Getting behind the wheel while drowsy creates dangers for all Tennessee drivers, but fatigue can be a particular problem for truckers. Because of the demands of the job and the size of the vehicle, truck drivers can be more vulnerable to causing serious accidents than other motorists.
Demands of the job
While there are many safety regulations in the trucking industry designed to reduce hazards and allow time for rest, truck drivers can still operate for as many as 11 hours after 10 hours of rest. In some cases, this can be inadequate, particularly if the driver is already struggling with illness or fatigue. The ever-changing nature of shift work can exacerbate this fatigue. Drivers may struggle to sleep when they do get time off and then find themselves exhausted once they are on the road.
The obvious consequence of falling asleep at the wheel is not the only effect that fatigue can have on a driver. Sleepiness slows down reaction time and affects judgment in a similar manner to alcohol. All of these effects can lead to serious truck accidents. While drowsy drivers of other types of vehicles may suffer the same consequences, trucks have larger blind spots and are harder to control, and this could increase the likelihood of injuries or fatalities in truck accidents.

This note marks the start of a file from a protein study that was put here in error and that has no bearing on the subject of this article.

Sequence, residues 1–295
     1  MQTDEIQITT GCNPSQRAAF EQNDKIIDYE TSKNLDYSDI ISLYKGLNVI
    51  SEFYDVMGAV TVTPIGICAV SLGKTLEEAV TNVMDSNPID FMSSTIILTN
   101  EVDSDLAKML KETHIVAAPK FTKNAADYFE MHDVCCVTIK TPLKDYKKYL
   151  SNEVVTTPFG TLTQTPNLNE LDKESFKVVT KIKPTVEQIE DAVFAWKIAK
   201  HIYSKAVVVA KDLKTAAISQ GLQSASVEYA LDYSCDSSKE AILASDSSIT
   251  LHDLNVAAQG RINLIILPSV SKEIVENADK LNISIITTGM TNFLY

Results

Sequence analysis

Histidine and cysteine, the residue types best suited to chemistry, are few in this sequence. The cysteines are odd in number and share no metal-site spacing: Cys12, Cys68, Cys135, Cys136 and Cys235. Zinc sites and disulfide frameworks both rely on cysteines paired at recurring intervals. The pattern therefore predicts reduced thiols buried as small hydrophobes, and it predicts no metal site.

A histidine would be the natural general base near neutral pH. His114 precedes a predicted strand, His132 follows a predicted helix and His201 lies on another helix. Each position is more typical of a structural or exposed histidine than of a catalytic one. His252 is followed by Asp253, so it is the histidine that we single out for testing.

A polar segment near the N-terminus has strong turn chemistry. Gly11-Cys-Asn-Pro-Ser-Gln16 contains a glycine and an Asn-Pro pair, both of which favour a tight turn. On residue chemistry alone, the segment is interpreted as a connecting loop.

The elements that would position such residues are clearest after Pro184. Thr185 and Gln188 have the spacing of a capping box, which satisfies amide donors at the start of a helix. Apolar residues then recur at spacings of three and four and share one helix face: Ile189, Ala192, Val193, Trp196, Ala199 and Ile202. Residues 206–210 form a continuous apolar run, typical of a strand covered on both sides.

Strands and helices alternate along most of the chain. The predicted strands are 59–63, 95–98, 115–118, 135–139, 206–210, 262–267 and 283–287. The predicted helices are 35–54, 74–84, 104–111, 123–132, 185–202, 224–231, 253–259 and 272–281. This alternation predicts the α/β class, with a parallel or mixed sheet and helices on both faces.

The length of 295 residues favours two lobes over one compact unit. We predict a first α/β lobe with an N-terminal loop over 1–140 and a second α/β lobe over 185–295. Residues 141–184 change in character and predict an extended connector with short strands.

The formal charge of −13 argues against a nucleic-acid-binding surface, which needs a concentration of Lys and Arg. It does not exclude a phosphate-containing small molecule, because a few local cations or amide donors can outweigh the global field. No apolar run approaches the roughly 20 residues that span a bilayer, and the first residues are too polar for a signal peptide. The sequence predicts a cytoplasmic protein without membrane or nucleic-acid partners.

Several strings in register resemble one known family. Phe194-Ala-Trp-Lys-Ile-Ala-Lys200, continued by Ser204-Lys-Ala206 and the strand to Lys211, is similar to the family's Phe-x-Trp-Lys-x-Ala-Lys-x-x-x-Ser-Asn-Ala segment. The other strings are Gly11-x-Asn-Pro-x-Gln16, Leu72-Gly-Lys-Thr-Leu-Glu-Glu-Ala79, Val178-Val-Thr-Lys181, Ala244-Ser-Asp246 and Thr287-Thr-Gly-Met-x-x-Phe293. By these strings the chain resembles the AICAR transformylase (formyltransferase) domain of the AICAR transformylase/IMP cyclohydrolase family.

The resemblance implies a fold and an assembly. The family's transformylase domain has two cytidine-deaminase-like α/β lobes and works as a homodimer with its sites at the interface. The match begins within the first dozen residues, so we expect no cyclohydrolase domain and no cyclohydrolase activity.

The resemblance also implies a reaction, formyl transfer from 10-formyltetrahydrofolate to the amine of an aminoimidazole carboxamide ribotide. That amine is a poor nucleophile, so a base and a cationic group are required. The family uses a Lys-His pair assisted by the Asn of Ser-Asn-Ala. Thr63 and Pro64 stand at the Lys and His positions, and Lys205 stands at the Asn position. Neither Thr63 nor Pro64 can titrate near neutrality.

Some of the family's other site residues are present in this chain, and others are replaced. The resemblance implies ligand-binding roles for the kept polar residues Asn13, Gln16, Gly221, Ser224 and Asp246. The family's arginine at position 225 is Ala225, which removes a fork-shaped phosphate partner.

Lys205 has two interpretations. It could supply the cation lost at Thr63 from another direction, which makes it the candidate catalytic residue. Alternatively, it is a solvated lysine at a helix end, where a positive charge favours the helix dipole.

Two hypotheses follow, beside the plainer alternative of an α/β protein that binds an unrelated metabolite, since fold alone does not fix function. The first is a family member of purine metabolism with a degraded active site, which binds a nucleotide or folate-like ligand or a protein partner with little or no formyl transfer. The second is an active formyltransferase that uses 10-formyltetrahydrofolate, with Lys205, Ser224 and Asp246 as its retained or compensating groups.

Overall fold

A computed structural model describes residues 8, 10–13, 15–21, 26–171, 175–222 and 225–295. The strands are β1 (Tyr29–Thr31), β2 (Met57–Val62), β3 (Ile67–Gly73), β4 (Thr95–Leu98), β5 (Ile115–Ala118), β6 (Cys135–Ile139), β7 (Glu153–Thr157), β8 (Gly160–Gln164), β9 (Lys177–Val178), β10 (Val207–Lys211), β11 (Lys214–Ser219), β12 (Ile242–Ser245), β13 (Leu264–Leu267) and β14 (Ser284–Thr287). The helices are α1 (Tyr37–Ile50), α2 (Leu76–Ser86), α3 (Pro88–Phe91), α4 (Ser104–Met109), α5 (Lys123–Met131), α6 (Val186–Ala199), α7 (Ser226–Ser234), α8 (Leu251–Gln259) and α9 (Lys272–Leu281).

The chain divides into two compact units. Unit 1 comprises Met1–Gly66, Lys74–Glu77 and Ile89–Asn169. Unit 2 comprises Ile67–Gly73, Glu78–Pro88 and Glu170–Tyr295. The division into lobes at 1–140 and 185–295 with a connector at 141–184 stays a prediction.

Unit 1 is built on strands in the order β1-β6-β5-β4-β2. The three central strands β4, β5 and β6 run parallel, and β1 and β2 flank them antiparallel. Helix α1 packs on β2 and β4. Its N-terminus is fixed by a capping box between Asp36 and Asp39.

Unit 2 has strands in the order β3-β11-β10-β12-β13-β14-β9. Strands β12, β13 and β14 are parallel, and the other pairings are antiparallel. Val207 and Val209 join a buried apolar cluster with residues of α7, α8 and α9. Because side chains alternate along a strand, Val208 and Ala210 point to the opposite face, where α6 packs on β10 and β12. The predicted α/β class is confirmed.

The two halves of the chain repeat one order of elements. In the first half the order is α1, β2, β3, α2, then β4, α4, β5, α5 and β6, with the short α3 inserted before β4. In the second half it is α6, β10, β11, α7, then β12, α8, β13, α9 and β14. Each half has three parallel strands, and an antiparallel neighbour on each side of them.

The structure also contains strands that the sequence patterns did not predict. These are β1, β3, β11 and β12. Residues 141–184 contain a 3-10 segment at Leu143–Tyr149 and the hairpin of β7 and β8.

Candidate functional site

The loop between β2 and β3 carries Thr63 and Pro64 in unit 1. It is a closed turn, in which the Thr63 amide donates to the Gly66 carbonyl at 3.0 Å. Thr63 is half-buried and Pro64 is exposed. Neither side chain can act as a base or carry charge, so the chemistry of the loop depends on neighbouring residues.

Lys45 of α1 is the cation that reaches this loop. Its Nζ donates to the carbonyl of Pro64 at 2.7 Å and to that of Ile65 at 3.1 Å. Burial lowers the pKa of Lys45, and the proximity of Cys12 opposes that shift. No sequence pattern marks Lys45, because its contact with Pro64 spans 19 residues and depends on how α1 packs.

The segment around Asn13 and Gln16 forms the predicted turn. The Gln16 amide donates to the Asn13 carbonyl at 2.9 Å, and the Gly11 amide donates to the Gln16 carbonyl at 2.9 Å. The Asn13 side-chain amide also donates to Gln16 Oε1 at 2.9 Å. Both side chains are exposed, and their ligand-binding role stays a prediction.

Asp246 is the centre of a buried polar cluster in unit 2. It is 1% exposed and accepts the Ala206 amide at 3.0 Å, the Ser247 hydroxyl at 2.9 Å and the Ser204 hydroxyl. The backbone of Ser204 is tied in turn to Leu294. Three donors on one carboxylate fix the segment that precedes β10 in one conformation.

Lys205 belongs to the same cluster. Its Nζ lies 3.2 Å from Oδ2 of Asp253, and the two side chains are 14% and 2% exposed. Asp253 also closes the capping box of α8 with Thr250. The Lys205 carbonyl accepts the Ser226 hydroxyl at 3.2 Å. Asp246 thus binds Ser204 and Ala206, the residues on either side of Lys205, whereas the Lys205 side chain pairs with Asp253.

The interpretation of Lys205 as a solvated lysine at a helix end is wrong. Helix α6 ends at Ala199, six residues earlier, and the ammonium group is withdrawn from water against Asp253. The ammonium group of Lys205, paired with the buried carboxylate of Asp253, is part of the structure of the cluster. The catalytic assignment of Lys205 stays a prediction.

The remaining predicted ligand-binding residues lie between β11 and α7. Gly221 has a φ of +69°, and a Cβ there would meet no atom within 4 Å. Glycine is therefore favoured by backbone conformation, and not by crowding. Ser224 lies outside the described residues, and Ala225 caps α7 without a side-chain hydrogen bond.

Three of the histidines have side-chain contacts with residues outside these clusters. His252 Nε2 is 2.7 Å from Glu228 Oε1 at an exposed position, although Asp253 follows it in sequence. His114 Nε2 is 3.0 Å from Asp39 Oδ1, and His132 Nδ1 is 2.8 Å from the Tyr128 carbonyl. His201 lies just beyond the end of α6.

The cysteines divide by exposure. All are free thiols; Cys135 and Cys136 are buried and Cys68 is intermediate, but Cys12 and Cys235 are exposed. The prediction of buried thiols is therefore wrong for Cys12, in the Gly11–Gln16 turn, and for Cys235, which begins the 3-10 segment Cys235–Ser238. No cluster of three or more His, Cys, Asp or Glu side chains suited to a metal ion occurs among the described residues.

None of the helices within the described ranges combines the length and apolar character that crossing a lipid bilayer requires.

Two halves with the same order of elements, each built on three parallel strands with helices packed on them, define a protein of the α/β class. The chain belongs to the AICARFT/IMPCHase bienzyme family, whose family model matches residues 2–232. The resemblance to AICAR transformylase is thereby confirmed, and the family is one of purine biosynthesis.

After an accident
It can be difficult to track how often drowsy driving causes truck accidents because this can rely on self-reporting. However, if you are involved in an accident with a truck driver, you should follow the same steps that you would after an accident with any other vehicle, including reporting the accident to the police and your insurance company and making notes of as many details as possible. It is also important to be mindful of the fact that you may not have symptoms from some injuries until days or even weeks later, particularly when it comes to traumatic brain injury. Awareness of the dangers caused by fatigued truck drivers may help you drive more defensively and avoid these types of accidents and injuries.